The original Magic Mike was an unexpected delight. Moviegoers bracing themselves for a Chippendales version of Showgirls were pleasantly surprised by a thoughtful and insightful drama about shouldering the burdens of manhood -- with lots of near-naked dancing, to be sure -- that took place on the surreal fringes of Florida's vacation economy. The sequel Magic Mike XXL is more commercial and lightweight than its predecessor, and it has no ontological ambitions deeper than serving up a feature-length rebuttal to the dad-bod phenomena. But Fred Astaire and Gene Kelly had nothing to say about the essential philosophical fabric of reality either, unless their exuberant body of work counts as Zen proof that it's lovely to "be here now." One generation's six-pack abs is another's top and tails -- and when a song on the radio reminds the now-retired Magic Mike (Channing Tatum) of his stripper past, he's inspired to put down his welding mask and execute a liquid-mercury hip-hop solo across every horizontal, vertical, and diagonal surface in his machine shop, a breathless virtuoso explosion that puts the topsy-turvy stateroom in Royal Wedding to shame.
Mike is in that machine shop because, three years ago, he left Tampa's Xquisite Strip Club to start a custom-furniture business. But news about his former emcee Dallas reconnects him with some of the other dancers: Tito (Adam Rodriguez), Tarzan (Kevin Nash), Ken (Matt Bomer), Tobias (Gabriel Iglesias), and Big Dick Richie (Joe Manganiello). For the same hazy reasons that Judy Garland and Mickey Rooney were always putting on a show in the old barn, they decide to pile into Tito's frozen-yogurt truck and take a road trip to Myrtle Beach, where they will display their craft for a seething horde of horny ladies at a male-stripper convention.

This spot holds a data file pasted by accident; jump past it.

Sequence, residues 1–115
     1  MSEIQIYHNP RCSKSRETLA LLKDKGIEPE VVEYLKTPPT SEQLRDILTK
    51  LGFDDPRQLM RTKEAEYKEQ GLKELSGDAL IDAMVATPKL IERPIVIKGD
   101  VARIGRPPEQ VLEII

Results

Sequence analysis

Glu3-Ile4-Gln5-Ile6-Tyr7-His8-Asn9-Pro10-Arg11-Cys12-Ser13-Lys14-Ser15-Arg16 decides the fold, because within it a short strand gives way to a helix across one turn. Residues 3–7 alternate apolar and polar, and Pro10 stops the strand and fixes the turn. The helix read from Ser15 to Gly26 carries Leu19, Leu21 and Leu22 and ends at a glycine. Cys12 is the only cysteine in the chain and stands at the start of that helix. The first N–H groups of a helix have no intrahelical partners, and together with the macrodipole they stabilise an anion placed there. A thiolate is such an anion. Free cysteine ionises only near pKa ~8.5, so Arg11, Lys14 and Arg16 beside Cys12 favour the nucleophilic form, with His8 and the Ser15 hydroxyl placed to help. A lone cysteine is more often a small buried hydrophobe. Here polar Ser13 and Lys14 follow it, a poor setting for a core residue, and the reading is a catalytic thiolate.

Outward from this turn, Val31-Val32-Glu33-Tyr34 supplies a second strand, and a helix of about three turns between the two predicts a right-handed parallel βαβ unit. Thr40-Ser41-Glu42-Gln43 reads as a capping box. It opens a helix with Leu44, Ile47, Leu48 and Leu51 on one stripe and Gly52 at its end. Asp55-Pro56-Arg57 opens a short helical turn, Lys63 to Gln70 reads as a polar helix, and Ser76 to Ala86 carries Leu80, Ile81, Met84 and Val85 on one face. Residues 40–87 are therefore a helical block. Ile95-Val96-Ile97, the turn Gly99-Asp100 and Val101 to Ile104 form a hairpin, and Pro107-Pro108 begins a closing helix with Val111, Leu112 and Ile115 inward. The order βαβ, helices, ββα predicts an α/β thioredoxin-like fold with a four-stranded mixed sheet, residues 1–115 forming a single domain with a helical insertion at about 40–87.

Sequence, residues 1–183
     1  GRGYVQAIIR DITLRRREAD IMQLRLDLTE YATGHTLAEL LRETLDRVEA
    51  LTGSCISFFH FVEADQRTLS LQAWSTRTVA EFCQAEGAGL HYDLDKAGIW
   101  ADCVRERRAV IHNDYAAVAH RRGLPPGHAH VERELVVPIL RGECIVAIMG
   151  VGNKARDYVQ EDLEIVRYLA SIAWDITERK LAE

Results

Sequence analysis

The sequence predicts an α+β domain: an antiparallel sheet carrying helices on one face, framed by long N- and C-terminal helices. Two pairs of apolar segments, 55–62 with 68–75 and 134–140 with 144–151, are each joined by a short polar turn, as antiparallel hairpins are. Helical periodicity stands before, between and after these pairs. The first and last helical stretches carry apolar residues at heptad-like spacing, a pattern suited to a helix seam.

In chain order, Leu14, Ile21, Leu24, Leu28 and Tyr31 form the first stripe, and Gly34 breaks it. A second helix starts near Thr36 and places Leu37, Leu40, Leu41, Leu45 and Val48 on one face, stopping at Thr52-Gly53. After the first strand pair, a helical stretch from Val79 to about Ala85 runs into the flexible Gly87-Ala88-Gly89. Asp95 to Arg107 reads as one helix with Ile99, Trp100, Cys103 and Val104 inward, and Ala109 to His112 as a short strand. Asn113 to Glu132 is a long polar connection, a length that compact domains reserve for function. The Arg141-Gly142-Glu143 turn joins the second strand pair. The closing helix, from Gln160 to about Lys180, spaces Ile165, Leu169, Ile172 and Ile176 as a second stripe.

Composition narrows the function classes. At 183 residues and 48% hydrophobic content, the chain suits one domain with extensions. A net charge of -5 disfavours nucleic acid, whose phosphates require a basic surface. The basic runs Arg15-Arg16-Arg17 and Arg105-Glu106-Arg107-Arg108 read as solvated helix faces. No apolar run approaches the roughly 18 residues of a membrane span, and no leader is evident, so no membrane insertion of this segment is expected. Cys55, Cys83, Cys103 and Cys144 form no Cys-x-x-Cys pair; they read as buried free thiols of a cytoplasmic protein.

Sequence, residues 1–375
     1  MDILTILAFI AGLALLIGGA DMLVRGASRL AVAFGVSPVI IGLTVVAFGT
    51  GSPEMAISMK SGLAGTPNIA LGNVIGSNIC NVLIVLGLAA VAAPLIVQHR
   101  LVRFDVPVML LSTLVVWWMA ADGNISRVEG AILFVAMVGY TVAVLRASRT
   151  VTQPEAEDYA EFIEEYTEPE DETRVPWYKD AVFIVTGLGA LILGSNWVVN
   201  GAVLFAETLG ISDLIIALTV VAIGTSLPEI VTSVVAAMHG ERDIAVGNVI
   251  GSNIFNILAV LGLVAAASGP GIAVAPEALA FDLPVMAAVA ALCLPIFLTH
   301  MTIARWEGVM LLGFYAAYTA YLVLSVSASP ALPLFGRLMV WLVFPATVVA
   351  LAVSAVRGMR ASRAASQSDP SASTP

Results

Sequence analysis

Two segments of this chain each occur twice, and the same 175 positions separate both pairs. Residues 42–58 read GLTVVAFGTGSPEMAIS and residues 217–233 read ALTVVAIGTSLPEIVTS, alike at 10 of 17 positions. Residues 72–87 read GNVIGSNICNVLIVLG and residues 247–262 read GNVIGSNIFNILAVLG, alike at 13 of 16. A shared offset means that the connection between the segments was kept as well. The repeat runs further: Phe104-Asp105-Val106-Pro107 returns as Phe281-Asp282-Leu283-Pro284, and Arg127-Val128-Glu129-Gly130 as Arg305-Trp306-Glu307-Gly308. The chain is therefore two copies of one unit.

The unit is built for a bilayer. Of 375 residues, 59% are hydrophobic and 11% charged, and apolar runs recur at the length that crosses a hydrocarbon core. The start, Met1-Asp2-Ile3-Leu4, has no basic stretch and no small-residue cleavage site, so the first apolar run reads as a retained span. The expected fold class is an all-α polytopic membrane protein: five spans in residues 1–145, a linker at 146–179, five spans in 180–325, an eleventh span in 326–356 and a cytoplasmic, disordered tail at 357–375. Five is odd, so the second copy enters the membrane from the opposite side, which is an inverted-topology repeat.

This sequel is missing most of what made the original special: Florida as an actual place instead of just an idea, an emotional reality to the characters, a genuine ear for the way men and women talk to each other (and what it sounds like when a conversation is all bantered out). But this movie is still rife with small moments of honesty, which outnumber the abundant scenes of flashy dance numbers. Steven Soderbergh isn't the director this time around -- that honor goes to Gregory Jacobs, Soderbergh's first-assistant director on other ensemble romps like Ocean's Eleven -- but he's a stealth participant as the cinematographer and editor; perhaps as a result, there are a number of scenes that have the minimalist look of a low-budget art film. This atypical musical feels like the offspring of Flashdance and Five Easy Pieces, and the scenes where it shows off its indie cred serve as an acerbic palate cleanser between the shamelessly lush dance numbers in which the men slither around, as boneless as a Chicken McNugget.
Is the dancing in this film sexy? Well, it's certainly remarkable, in the way that one marvels at the thundering muscle of a thoroughbred barreling down the track. What's more remarkable, however, are the small ecumenical touches injected into what's essentially a bro road movie. The men make a stop at a drag club and enter a voguing contest, assimilating the flailing, femme-y hallmarks of the style without mockery. They sing serenades to ladies and insist "my God is a she"; their only conquests represent acts of healing for women devalued by other men. The forces behind this film (including Tatum, who's also a producer) are canny enough hustlers not to denigrate the demographic symbolically showering them with ones, but even if Magic Mike XXL was designed to be catnip for beefcake aficionados, it still smells pretty sweet. Will audiences accept the uncomplicated thrills of a story that hangs on the conceit that a group of bodybuilders are roaming the country as an act of monastic devotion to the feminine divine? Hey, it's not like audiences were accused of overthinking all of the dinosaurs in that other movie.